After being dethroned by China as the world's fastest supercomputer maker, US has upped the ante and is creating two 20-petaflop supercomputers to reclaim the top position for the most powerful supercomputer.
A report by Computerworld stated the new supercomputers will be the fastest with speeds of up to 20-petaflops. One of the new supercomputers will be built by Oak Ridge National Laboratory, where the former fastest supercomputer Jaguar is housed. The other one is being built at the Lawrence Livermore National Laboratory by IBM. The report also confirmed that the systems will be completed by 2012.
Recently China's supercomputer Tianhe-1A system, housed at the National Supercomputer Center in Tianjin, toppled Cray XT5 Jaguar to become the fastest supercomputer, recording speed of 2.57 petaflops.
The second position is held by Jaguar clocking 1.75 petaflops. According to the recent list by The Top 500 Supercomputers Sites, the third position is also held by a Chinese System called Nebulae which clocked 1.27 petaflops.
Currently five of the world's top 10 supercomputers are housed in the US while other five are located in China, Japan and Germany. However, five of the top 10 supercomputers are new in the list.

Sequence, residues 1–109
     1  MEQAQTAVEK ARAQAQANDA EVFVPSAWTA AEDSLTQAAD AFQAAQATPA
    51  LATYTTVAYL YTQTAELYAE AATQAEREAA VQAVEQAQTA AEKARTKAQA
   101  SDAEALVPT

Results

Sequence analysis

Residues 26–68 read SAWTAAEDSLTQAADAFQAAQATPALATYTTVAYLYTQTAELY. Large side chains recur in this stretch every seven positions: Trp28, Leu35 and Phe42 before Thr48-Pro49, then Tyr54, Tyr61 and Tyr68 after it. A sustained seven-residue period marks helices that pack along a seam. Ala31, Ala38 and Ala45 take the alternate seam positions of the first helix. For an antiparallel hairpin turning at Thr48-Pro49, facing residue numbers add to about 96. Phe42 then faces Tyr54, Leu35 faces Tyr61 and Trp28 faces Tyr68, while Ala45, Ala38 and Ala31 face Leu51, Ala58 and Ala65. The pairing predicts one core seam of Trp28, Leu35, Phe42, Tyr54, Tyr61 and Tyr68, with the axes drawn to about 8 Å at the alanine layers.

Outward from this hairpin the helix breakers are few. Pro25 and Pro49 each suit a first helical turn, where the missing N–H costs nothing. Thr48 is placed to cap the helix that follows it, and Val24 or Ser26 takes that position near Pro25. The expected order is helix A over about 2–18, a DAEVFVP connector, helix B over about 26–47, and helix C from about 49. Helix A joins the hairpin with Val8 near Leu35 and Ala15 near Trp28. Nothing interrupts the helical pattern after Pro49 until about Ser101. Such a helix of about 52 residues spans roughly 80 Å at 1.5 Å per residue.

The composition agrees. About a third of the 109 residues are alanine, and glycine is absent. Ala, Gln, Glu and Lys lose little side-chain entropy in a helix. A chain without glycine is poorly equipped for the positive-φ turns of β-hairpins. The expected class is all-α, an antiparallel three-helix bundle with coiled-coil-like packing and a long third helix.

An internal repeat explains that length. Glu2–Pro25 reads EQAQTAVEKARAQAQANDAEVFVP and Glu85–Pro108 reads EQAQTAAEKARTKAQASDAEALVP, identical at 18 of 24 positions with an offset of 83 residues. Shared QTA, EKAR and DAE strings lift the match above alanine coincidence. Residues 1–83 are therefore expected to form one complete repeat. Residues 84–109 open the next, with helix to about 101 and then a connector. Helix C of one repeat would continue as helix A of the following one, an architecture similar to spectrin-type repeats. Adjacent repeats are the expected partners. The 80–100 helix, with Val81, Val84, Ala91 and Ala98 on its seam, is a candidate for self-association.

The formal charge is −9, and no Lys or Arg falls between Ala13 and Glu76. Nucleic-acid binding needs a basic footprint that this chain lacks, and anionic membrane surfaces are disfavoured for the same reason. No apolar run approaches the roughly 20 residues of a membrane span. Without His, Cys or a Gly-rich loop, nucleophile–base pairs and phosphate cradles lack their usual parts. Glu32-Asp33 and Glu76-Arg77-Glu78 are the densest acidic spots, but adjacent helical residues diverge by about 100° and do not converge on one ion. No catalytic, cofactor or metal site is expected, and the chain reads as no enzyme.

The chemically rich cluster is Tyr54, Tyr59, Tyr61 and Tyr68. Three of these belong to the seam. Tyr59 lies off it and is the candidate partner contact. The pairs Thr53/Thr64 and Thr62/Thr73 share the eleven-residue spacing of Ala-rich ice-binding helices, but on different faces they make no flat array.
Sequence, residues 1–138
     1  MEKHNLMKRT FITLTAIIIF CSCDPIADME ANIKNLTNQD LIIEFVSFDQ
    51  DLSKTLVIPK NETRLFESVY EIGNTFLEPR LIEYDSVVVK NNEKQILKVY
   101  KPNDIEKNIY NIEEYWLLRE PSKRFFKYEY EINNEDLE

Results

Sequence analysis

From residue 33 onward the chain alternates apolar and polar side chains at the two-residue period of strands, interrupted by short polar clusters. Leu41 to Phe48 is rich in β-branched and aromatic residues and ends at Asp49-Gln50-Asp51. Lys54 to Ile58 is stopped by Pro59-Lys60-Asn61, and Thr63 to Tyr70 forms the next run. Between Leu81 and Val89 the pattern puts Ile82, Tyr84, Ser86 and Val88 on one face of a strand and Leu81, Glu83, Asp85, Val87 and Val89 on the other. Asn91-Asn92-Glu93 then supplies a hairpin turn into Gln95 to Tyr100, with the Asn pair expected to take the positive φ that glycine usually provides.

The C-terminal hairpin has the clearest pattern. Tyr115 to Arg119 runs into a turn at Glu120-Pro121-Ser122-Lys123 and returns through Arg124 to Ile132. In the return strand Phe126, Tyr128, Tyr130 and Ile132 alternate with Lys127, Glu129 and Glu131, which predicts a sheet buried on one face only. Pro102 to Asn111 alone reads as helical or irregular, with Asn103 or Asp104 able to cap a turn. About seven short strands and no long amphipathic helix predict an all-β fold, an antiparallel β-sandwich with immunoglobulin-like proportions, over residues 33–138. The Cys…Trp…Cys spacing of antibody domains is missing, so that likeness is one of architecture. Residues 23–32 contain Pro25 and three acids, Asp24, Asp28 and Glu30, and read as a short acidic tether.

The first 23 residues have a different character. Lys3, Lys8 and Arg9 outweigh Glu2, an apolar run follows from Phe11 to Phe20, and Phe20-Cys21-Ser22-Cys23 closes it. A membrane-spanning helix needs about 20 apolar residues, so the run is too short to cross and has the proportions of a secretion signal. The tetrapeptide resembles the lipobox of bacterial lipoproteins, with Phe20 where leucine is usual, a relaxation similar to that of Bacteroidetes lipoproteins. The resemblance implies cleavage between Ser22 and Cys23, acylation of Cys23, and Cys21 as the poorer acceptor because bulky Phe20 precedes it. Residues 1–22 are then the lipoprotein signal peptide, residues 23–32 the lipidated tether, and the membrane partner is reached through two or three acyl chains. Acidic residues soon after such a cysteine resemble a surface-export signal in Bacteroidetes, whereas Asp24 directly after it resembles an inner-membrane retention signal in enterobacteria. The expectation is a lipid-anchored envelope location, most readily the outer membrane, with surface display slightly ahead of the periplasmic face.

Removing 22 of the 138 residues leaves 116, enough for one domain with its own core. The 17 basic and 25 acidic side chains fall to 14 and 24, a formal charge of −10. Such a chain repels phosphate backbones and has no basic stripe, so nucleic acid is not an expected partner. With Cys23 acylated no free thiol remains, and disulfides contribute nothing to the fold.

Also China has 42 systems in the Top 500 List of supercomputers ahead of Japan, France, Germany and UK and is positioned second to US in the number high performance computers in the list.
US is the largest user of High Performance Computers (HPC) with 275 of the top 500 systems, though the number has declined from 282 in June 2010.
The report by TOP500 Supercomputers also stated that Intel is still the preferred choice for supercomputers as 398 of the top 500 supercomputers are powered by Intel processors. Playing second fiddle to Intel is its rival AMD, powering 57 systems.
Also both the Chinese supercomputers in the top 10 list use NVIDIA GPUs as co-processors for acceleration. 17 of the top 500 supercomputers currently use GPUs.
Petaflop is a measure of a computer's processing speed and expressed as a thousand trillion operations per second.